7/7 Survivor Shares Experiences
As part of a number of activities organised in Gwent during Hate Crime Awareness Week 2015, PCC Ian Johnston today welcomed 35 year old Daniel Biddle of Abergavenny as a guest speaker for an event specifically designed to explore disabled people's experiences of disability hate crime.
Up to 60 people ranging from professionals from the Crown Prosecution Service; police officers and police staff; disabled people and representatives from leading disability organisations attended the event which was hosted by Gwent Police at the Parkway Hotel in Cwmbran.
The event was arranged using funding which PCC Ian Johnston secured from the Welsh Government and included workshops on hate crime as well as an interactive drama production based on a real disability hate crime case in Wales. The event also provided an opportunity for all those attending to network, share experiences and lessons learned.
As a survivor of one of the United Kingdom's worst terrorist incidents and the country's first ever suicide attack, Daniel Biddle unfortunately knows only too well the catastrophic impact of hate crime. He was on the London tube train blown up by Mohammad Sidique Khan on July 7 2005 and suffered horrific injuries in the attacks coordinated by extremists. Standing next to the bomber in the carriage, he lost both of his legs, an eye and his spleen in the blast on the Circle Line at Edgware Road and was left totally deaf in one ear. He also suffers with Post Traumatic Stress Disorder (PTSD).
As a wheelchair user, Daniel has also experienced prejudice around his disability. It was this, coupled with his background of working in the construction industry, which inspired him to launch Nationwide Access Consultants Ltd, a company which advises companies on disabled access and their legal obligations to the disabled.
Daniel Biddle shared his personal experiences at the event and talked about his life pre and post 7/7 and his thoughts on being a victim of both religiously motivated and disability motivated hate crime.
Speaking prior to the event, Daniel said: "Disability hate crime is underreported and that's why I'm pleased to support this event. For me, this event is all about harnessing the relationship between the police and the disabled community and instilling confidence in people from the disabled community to report these crimes in the first place. It's also about educating the police on how they should be handling these crimes.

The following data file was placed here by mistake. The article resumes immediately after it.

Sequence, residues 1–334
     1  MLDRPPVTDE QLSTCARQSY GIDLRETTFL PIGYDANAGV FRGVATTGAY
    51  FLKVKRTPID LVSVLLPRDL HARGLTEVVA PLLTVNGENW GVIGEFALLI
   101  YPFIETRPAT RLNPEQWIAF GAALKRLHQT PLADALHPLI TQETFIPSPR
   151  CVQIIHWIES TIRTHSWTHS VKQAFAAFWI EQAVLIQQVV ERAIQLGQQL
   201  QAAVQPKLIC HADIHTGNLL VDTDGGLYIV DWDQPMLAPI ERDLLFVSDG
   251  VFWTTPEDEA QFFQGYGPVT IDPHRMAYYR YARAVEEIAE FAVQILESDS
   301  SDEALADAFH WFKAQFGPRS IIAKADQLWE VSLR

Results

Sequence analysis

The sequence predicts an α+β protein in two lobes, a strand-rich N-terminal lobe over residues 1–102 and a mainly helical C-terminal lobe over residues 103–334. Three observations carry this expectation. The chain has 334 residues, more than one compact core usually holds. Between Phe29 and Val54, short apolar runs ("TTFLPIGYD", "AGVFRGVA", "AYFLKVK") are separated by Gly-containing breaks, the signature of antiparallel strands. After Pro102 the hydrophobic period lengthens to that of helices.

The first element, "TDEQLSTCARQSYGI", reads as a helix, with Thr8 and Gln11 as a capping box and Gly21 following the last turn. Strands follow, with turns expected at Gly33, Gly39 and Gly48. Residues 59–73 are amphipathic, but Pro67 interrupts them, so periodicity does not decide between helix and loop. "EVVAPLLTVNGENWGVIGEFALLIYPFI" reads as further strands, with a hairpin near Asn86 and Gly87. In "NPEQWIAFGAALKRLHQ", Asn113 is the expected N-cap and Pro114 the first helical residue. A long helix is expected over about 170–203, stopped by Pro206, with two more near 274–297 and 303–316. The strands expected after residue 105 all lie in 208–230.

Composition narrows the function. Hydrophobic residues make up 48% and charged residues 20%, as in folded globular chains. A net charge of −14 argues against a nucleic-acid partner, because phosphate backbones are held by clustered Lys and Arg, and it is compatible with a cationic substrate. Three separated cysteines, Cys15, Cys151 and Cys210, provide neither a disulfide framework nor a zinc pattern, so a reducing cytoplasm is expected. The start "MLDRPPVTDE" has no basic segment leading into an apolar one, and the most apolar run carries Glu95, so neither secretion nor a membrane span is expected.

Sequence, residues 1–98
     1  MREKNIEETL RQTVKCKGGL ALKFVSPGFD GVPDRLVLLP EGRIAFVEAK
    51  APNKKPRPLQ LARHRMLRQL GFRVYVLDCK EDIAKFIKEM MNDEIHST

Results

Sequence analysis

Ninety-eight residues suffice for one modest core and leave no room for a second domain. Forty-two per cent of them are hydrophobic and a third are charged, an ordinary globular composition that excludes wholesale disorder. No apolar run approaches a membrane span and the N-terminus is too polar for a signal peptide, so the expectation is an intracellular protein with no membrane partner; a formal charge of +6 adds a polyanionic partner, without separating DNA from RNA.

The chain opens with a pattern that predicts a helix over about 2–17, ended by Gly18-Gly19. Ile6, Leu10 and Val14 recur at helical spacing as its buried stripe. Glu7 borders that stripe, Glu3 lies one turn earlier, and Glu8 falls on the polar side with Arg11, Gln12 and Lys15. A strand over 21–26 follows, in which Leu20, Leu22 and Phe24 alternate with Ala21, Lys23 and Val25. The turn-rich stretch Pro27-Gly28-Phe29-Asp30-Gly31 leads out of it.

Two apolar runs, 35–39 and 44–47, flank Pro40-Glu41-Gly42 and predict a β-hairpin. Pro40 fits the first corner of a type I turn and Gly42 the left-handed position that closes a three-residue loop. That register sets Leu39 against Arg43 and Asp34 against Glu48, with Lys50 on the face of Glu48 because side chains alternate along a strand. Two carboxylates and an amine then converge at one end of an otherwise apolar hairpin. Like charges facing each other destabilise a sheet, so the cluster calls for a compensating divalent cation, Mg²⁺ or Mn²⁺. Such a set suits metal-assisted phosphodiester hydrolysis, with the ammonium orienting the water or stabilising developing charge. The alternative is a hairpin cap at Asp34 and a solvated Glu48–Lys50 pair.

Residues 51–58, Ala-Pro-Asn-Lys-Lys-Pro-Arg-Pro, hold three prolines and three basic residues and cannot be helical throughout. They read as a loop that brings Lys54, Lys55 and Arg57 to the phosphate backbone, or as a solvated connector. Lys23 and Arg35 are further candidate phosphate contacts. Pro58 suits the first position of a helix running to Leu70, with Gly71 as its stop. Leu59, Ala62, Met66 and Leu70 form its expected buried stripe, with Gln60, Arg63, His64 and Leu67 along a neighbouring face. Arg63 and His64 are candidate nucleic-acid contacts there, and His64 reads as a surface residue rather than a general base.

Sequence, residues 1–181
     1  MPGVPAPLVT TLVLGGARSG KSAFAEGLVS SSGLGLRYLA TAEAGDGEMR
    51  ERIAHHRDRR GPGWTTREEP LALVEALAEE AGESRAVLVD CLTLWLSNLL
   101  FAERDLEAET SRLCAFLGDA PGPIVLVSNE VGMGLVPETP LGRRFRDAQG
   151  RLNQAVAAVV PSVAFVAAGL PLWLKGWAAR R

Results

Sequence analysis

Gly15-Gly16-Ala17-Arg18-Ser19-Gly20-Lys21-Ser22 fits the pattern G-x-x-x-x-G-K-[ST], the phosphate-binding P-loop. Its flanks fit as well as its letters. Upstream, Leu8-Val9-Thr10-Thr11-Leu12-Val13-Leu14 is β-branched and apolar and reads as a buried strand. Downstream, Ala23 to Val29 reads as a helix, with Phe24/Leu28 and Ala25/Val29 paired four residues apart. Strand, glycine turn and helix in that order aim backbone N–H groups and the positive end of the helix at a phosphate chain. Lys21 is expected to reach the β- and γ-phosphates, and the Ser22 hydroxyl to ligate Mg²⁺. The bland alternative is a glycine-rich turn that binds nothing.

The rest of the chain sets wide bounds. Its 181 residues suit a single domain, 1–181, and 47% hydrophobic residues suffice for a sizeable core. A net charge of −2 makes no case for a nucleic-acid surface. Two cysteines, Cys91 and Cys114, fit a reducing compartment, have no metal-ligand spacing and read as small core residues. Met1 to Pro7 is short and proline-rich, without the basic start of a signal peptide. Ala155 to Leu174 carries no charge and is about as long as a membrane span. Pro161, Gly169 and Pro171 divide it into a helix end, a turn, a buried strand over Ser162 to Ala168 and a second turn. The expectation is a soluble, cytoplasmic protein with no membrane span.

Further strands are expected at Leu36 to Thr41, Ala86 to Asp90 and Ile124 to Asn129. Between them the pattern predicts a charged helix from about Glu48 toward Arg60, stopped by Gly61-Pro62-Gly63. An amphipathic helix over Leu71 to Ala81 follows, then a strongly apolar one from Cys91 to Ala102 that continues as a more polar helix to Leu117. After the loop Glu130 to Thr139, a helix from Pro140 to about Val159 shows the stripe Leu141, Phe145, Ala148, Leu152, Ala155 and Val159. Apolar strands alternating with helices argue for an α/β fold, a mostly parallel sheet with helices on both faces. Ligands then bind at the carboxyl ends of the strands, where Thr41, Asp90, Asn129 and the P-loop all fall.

During one incident in particular, I was at the local tip disposing of some rubbish with my wife. Because of the layout of the tip it was difficult for me to get out of the car and do anything to help. So, my wife got out of the car and started emptying the rubbish on her own. As she was doing this, we started receiving abuse from a woman who was calling me 'lazy' and 'disrespectful to women'. It reached the point where my wife got my wheelchair out of the car to show her that I was disabled. However, we continued to receive a tirade of abuse from this woman. I honestly think people look at disability in a negative light pretty much 90% of the time."
Welcoming Daniel Biddle as a guest speaker and highlighting the need for the event, the Police and Crime Commissioner for Gwent, Ian Johnston, said: "I would like to thank Daniel for taking the time to share some of his very personal experiences with us. This event was all about raising awareness and ensuring disability hate crime remains a priority.
There has been an increase in recorded disability hate crimes in Gwent and I believe this is a direct result of victims having the confidence to report these crimes to the police and partner agencies. However, we recognise there is still more work to be done as disability hate crime still only accounts for 5% of the total reported hate crimes across England and Wales. We know anecdotally that disabled people's experiences would suggest hate incidents and crimes are part of many individuals' daily experience. This event was all about raising awareness and highlighting our unified commitment to improve our response to disability hate crime."
Gwent Police Hate Crime Lead, Superintendent Mark Warrender, said: "Within Gwent we are really pleased that we are seeing the number of disability hate crimes reported to us increase. This means there is better community awareness around what a hate crime is, and improved confidence in reporting incidents to the Police. We realise there is more to do, however, and today's conference offered a real opportunity to highlight some of the complexities that surround disability hate crime and ensure that when they are reported we maximise the chances of a successful prosecution."